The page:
PracticeAuditThe lessons from Equitable life

The lessons from Equitable life

The investigation into Ernst & Young's audit of Equitable Life has opened fresh debate over the role of audit

The debacle over the audit of Equitable Life by Ernst & Young finally
came to a close at the end of last week when the report of an appeal tribunal
was published.

An earlier tribunal convened by the Joint Disciplinary Scheme had severely
reprimanded Ernst & Young and auditor Kevin McNamara, imposed a £4.2m fine
and awarded costs against them.

On appeal the fine was reduced to £500,000 and costs to £2.4m. The penalty
was also changed to a “reprimand”, removing the “severe” element.

At stake in the appeal was the charge that McNamara and E&Y had
compromised their objectivity and independence in dealing with the Equitable
audit.

The appeal document makes for fascinating reading as it weighs the arguments
and sometimes enters into almost philosophical areas to consider the issues.

In the end the appeal tribunal decided there was no evidence of a lack of
independence and objectivity, but the technical issues on which this case rested
will be worth reviewing for any auditor who has been in place for long periods
with the same client.

In fact, what the case presents is cause to stop and reflect on how it is
that an auditor not only maintains but also demonstrates his independence from
the client.

For those who have been with same client for years, they will need to think
about those issues more intensely now in the wake of the Equitable Life ruling,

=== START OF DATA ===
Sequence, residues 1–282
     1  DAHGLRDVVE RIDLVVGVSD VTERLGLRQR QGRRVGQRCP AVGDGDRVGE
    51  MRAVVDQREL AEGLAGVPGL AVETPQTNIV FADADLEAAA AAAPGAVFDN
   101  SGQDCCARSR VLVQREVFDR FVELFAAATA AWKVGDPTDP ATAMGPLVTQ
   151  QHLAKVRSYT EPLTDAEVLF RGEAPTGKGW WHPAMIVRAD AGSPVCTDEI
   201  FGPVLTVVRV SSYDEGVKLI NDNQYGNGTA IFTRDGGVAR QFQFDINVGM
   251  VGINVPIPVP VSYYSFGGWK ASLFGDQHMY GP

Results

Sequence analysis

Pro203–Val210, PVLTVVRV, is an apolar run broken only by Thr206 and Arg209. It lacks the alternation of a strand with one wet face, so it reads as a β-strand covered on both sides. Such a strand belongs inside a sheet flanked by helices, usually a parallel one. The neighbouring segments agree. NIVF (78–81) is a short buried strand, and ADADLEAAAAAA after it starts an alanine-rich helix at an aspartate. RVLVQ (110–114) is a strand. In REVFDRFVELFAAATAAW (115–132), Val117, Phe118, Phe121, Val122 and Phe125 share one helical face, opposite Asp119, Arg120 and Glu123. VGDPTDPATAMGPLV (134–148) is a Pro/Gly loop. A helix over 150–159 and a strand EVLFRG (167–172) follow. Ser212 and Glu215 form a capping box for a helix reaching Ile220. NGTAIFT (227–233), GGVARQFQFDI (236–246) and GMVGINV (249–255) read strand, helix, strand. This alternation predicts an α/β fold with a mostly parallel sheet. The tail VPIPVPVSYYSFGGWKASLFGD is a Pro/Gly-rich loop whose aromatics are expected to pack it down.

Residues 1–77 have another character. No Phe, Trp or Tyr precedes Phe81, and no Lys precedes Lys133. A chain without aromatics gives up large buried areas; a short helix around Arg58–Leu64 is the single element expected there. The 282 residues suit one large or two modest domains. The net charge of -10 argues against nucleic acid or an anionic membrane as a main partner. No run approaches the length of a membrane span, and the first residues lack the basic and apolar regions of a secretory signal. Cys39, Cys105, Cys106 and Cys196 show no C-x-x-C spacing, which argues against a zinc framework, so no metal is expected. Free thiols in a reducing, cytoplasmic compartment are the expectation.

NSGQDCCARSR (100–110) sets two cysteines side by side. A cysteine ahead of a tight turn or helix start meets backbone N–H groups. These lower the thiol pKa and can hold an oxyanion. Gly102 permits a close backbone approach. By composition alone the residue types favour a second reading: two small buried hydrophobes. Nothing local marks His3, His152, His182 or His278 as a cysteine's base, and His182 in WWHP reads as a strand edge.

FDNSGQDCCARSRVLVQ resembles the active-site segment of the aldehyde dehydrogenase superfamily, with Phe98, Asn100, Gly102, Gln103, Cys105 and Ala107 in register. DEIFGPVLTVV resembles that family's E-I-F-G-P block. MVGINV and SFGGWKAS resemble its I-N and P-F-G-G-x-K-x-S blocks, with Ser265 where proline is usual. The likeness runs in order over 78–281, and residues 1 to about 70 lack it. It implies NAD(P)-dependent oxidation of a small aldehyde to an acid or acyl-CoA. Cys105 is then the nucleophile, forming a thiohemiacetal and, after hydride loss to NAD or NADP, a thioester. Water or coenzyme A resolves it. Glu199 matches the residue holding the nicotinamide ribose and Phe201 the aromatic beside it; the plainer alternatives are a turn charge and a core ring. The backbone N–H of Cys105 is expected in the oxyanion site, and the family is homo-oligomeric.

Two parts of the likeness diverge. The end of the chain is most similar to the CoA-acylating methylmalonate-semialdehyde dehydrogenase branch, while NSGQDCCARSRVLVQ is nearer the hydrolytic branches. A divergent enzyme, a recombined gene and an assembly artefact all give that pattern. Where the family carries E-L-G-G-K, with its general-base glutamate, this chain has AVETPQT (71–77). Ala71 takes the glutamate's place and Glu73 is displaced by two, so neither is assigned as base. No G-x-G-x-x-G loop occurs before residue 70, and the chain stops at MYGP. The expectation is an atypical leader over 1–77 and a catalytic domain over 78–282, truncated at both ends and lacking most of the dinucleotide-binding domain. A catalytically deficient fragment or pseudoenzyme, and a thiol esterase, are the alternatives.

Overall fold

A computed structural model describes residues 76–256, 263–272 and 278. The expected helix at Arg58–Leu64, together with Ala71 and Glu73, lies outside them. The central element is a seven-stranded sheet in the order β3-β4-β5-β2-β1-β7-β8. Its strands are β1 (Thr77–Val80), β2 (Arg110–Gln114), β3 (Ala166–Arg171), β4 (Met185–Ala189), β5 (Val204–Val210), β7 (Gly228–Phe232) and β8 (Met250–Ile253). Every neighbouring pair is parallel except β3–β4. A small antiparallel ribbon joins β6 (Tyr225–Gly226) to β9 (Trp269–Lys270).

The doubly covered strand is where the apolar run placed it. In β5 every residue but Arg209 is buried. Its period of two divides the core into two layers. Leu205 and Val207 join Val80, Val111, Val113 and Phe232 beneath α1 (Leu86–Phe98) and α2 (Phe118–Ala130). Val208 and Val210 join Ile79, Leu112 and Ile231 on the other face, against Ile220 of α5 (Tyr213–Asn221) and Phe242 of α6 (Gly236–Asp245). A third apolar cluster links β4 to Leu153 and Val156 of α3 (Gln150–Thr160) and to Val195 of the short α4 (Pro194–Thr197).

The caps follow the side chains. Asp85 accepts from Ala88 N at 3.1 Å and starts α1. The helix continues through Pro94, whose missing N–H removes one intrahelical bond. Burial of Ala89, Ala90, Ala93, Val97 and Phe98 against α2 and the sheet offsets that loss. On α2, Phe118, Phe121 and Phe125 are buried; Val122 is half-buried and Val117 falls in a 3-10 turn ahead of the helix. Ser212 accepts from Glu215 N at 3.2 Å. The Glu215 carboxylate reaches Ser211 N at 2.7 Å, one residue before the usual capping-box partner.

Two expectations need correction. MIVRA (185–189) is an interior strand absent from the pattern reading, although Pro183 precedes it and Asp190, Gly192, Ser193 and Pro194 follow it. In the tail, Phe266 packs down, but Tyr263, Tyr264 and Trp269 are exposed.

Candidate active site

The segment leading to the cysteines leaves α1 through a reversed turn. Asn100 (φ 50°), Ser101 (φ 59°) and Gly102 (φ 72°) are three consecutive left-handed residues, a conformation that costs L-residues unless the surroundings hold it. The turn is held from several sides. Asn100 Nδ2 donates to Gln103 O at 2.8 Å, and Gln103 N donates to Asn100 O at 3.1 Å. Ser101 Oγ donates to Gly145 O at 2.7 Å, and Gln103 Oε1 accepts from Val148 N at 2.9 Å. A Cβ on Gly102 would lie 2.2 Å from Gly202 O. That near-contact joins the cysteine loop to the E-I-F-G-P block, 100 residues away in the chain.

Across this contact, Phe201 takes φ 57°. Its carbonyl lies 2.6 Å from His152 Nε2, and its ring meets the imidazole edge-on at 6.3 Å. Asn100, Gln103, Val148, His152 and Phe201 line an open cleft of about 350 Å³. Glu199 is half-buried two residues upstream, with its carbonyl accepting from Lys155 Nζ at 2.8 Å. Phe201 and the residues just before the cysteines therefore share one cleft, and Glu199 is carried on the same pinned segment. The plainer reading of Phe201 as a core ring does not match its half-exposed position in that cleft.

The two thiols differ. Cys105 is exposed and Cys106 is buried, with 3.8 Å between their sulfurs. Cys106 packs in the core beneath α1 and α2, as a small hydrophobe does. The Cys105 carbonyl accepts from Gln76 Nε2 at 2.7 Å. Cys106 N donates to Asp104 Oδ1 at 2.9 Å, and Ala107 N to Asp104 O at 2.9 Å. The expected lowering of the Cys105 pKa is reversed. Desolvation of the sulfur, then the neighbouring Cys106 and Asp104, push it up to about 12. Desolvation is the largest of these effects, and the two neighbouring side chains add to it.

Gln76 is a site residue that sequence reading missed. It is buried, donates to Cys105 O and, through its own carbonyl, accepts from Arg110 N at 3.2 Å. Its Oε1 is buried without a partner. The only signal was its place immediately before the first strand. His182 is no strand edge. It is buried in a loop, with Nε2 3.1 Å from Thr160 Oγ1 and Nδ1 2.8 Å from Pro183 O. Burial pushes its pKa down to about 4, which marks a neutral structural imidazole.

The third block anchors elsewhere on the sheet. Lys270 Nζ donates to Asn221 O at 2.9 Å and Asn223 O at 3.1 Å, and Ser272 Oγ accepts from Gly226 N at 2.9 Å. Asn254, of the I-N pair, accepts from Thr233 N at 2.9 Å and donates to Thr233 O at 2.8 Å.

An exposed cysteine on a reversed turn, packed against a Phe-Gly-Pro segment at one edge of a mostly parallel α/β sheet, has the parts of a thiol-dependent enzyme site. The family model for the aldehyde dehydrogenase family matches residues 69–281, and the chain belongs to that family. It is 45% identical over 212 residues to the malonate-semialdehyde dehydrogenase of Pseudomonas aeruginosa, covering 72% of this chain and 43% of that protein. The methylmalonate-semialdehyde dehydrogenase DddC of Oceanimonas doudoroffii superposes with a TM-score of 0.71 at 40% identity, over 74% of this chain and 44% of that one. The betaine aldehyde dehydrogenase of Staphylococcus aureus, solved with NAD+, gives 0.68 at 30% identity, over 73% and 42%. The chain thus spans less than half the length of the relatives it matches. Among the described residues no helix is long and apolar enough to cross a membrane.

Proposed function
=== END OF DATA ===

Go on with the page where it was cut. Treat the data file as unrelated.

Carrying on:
because it is an area where their work and conduct could be challenged in the
event that disaster strikes
Auditors will need to think about their processes, the relationship with the
client, the personal relationships even record keeping.

Moreover, auditors will need to think about the quality and thoroughness of
their work. It was the failure to conduct a key piece of work in the Equitable
Life audit that led to the allegations about objectivity and independence.

The appeal concluded that faulty work could not be seen as meaning
objectivity has been compromised. Regulators will need to take that conclusion
on board. Auditors will need to think about how these allegations arise, even
when unfounded, and how they ensure such suspicians are headed off even before
they take hold.

And this is critical because without objectivity and independence an audit is
next to worthless. It is the core principle an auditor should abide by and the
element that reassures company owners.

Equitable demonstates why it needs to be maintained and protected.

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